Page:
Introduction to Clean Architecture

Following a specific architecture when you're on a project is expected in software development. Clean Architecture describes one of the most important values about software: being easy to understand.

Following a specific architecture when you're on a project is expected in software development.

Architecture, in this sense, is considered the blueprint of a system. However, Mark Richards's book Fundamentals of Software Architecture provides a more detailed definition.

In this definition, software architecture consists of the structure of the system (...), combined with architecture characteristics (“-ilities”) the system must support, architecture decisions, and finally design principles [1].

This definition might sound intimidating at first, but I want you to remember that it is more than the structure of a system. It aggregates the many parts of the software.

What is the Clean Architecture

The concept of Clean Architecture was first introduced in 2017 by Robert C. Martin in his book Clean Architecture.

At the time, he admitted that this concept was not new and that it was part of different architectures, such as Hexagonal Architecture, BCE (Boundary Control and Entity) Architecture, and DCI (Data, Context, and Interaction) Architecture.

As the author puts it, all of these architectures have the same goal: separation of concerns [2], which is what Clean Architecture is all about.

Why is it Named Clean?

Leonardo Giordan in Clean Architectures in Python has a great definition of why it's called Clean.

(clean) describes one of the fundamental aspects of both the software structure and the development approach of this architecture. It is clean, that is, it is easy to understand what happens [3].
The clean architecture is the opposite of spaghetti code, where everything is interlaced and there are no single elements that can be easily detached from the rest and replaced without the whole [3].

The best definition to remember is that clean architecture should be easy to understand, with uncoupled and easily replaceable elements.

Clean Architecture

Now that we have defined this architecture, we can explore its principles, components, and complementary techniques.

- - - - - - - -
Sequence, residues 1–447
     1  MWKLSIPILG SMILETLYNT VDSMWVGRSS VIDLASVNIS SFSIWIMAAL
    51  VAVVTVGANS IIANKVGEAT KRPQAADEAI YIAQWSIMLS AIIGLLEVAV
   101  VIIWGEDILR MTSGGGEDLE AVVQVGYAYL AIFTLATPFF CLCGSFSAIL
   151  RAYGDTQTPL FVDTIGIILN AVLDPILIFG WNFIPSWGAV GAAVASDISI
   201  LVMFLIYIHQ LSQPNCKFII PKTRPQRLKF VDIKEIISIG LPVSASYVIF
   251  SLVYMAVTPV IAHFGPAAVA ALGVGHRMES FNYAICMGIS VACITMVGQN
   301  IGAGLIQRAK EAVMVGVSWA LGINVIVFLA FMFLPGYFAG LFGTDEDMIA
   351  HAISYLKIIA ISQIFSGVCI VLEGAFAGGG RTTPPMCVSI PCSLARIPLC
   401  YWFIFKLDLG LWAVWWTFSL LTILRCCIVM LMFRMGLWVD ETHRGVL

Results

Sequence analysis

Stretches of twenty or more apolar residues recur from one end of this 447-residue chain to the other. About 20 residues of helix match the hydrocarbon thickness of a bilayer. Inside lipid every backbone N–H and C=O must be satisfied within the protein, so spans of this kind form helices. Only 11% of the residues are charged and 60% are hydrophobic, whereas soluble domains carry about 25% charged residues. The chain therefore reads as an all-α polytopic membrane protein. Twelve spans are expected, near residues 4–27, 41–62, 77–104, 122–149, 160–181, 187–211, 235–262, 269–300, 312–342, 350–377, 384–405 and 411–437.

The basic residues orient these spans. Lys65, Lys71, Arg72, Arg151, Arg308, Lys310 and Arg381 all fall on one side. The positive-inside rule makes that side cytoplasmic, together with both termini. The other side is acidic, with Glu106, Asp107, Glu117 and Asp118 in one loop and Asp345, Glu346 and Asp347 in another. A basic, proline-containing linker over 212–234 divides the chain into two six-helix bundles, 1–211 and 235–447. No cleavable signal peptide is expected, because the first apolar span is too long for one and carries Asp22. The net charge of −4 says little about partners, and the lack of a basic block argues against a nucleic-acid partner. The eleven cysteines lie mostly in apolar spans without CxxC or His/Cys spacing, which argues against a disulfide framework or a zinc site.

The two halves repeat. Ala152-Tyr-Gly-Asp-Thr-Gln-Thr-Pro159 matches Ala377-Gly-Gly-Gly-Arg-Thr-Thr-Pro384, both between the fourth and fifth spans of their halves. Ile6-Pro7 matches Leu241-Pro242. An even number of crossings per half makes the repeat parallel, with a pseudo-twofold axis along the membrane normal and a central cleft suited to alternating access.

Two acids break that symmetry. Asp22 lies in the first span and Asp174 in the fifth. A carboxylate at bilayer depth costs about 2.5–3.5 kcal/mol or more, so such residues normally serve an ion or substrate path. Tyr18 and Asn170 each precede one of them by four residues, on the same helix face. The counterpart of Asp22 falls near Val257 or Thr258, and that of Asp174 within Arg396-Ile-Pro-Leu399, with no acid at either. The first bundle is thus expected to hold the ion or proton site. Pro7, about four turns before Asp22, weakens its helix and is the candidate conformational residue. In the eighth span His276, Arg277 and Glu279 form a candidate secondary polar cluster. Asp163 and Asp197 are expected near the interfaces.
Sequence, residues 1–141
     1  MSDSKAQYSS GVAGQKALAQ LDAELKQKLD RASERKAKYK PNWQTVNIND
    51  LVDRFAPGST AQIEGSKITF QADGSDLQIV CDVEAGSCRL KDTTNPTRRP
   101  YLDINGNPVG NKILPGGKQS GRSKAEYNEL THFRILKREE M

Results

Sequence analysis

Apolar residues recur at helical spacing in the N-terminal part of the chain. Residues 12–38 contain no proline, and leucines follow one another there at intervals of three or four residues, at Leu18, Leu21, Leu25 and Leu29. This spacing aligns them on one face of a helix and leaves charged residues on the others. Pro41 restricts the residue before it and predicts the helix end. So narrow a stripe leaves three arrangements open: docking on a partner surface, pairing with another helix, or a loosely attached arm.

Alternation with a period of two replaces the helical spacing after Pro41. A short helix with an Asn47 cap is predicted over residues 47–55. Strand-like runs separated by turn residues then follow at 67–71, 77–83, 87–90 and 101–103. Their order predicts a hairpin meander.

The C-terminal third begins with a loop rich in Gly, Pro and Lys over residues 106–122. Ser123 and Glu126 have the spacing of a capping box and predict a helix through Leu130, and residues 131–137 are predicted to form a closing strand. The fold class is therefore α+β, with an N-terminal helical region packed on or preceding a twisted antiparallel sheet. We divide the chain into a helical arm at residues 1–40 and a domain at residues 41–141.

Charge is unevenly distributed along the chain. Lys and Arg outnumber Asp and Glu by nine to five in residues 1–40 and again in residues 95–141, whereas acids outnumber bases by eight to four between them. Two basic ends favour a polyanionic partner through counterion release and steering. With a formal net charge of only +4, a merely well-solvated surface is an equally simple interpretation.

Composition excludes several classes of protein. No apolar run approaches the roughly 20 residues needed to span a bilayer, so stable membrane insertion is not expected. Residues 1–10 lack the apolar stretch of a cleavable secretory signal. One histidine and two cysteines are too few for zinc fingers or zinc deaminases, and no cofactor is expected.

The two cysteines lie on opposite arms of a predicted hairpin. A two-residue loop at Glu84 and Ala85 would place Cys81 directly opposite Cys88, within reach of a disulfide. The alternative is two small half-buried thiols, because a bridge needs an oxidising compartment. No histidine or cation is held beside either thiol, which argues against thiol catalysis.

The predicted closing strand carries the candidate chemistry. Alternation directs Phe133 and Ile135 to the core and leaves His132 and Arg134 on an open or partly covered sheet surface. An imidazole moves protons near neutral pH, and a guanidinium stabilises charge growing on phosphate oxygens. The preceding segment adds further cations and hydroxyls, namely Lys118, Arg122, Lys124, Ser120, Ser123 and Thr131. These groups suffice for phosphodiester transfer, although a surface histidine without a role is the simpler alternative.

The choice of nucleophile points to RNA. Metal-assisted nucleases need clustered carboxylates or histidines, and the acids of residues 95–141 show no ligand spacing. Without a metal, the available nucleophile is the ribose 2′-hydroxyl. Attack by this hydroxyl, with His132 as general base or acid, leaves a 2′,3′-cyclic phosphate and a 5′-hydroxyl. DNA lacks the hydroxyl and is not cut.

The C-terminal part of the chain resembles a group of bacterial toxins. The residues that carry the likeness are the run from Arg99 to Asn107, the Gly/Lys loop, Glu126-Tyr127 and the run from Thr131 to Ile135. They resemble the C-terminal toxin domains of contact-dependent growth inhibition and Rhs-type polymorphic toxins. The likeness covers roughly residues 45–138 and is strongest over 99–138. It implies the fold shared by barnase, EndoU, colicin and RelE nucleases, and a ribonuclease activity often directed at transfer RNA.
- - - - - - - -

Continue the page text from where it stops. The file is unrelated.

This architecture relies on the separation of concerns. Every component should be independent and easily replaceable.

Here's a detailed list of all the principles in the book Clean Architecture [2]:

  1. Your architecture should not depend on the existence of external libraries or frameworks. They should be seen as tools instead and not limit your whole system into their constraints.
  2. It should be easily testable, this means that you should test your business rules without UI, database, web server or other external elements.
  3. If you need to use a database, it should be easily swapped out. Imagine that you're currently using Realm, it should be easily swapped with CoreData for example.
  4. The UI should be easily changed without changing the entire system. If you're currently using console as the UI it should be easily replaceable to web UI.
  5. Your business rules don't know anything from the other components and how they interact.


Even though you can get a brief idea of how this architecture works it's important to also talk about what each layer does.

Previously we talked about business rules, so let's start there.

A business rule is something that defines your system. For example, if you have an app that deals with selling online goods, a business rule could be having discounts for your customers.

Where can you place this? In the innermost layer of the application, the Entities.


As stated before, this layer is responsible for encapsulating your core business rules. This can be represented as objects with methods or sets of data structures [2].

They should be used by many different applications in the enterprise. This means that they do not depend on the platform, they are the same if you're using the system in the web, an iOS app or on a game console.

They are in the innermost layer because they are the least likely to change overtime [2].